“Qualified.” It’s a loaded word. It means capable, competent, skilled, trained, experienced. We look for the most qualified plumbers, contractors, builders. We scour through applicants, if we are in a position to hire, to find those most qualified for a specific job. Colleges want the most qualified students. Voters want the most qualified candidates. This is good. Excellence is important.
However, there is in life a real temptation to look at the world, to look at one another even, only through the eyes of “qualification.” There is a temptation to view others, indeed to evaluate others, (I hesitate to say “judge” but it might be that too) on the basis of what they have done, rather than who they are. Gosh, sometimes we even do that to ourselves.
Don’t get me wrong. I want the most qualified plumber in my bathroom, and the most qualified repairman under my car, and the hefty absence of funds in our family checkbook because of a payment to a standardized test prep service indicates that I also want my kids to be the most qualified when they sit down to take required college entrance exams, but the value of an individual human being doesn’t rest on his knowledge of the intricacies of his profession, or on his score on the SAT test, or frankly on his ability to whip up a gourmet meal for the family. We are wisest if we remember that.
“There’s always going to be someone who is better than you in something,” is a sobering quote I remember hearing as a child. Rather than quelling my desire for accomplishment or excellence, hearing this freed me to try my best and not be afraid. Accepting this bit of wisdom was me facing the reality that even if I tried my hardest in some endeavor I might not be the best in the world, and that that’s okay. God loves me anyway, I came to realize. What a relief. Hearing that quote also put a dose of humility in all my endeavors.
Mother Teresa said, “We are not called upon to be successful, but faithful.”
Does that let us off the hook for trying to be successful too? No, success can be a way to give glory and honor to God. Honest work and using, as my dad would say, “the brains God gave you” is one way to say “thank you” to Him for his many gifts and to glorify him as well. But Mother Teresa’s quote reminds us that what God requires is faithfulness. He’ll handle the rest. Whew.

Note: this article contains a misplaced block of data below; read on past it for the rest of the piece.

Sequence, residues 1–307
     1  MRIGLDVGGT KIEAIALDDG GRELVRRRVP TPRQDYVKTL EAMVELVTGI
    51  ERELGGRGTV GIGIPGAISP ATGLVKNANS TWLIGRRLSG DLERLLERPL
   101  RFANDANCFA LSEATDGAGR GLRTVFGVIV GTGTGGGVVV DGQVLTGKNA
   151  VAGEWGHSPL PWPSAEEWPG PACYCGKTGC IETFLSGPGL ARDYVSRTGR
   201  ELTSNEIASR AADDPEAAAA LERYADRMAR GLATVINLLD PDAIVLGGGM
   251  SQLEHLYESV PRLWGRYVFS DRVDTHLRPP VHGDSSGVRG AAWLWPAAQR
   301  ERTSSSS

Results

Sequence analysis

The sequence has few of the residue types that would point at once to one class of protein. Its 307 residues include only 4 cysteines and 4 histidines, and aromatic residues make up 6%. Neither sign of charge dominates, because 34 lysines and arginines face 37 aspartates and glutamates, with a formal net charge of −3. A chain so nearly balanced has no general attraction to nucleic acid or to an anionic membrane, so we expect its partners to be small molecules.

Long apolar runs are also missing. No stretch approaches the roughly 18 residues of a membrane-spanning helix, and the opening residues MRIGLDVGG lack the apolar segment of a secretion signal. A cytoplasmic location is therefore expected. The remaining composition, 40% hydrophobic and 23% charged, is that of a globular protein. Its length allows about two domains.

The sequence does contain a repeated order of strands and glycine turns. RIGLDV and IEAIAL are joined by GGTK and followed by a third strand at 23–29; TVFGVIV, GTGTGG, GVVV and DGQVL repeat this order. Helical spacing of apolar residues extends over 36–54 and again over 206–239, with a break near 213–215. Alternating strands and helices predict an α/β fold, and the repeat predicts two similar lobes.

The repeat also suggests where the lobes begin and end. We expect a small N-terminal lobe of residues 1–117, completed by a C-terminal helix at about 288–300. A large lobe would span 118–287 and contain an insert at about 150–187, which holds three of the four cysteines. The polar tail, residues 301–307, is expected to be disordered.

There’s a phrase going around e-mail circles and Facebook pages — perhaps you’ve heard it: “God doesn’t call the qualified; He qualifies the called.” And this is very true. God will give the help any one of us needs to accomplish the tasks He calls us to do if we stick by his plan. We must work hard. Reach our potential. Only settle for the best, but recognize that our value as human beings doesn’t rest on what we achieve externally. It’s not all about awards or degrees or knowledge.
There will always be those smarter or more accomplished or more efficient than we may be, even if we try our best in every task we undertake. We shouldn’t worry ourselves with that, though. Besides being a temptation to envy, it can really drag us down in our daily efforts. If we feel pulled down by thoughts of our own smallness and mediocrity, feeling expendable perhaps in our daily work, we ought to remember that there is one place in our lives where we are absolutely indispensable, and that is in our families.
Many write more cleverly and clearly than I do. Some cook better. A few are more efficient and have more organized and more prettily decorated homes. But I can rest in the knowledge that despite my qualifications or lack thereof, as I struggle to be faithful daily, I am loved by God and needed by my family. My husband has but one wife; my children but one mother. I may or may not be the most “qualified” for these positions, but they are the positions God gave to me, and I’m going to proceed forward in them, knowing that relying on Him is enough.
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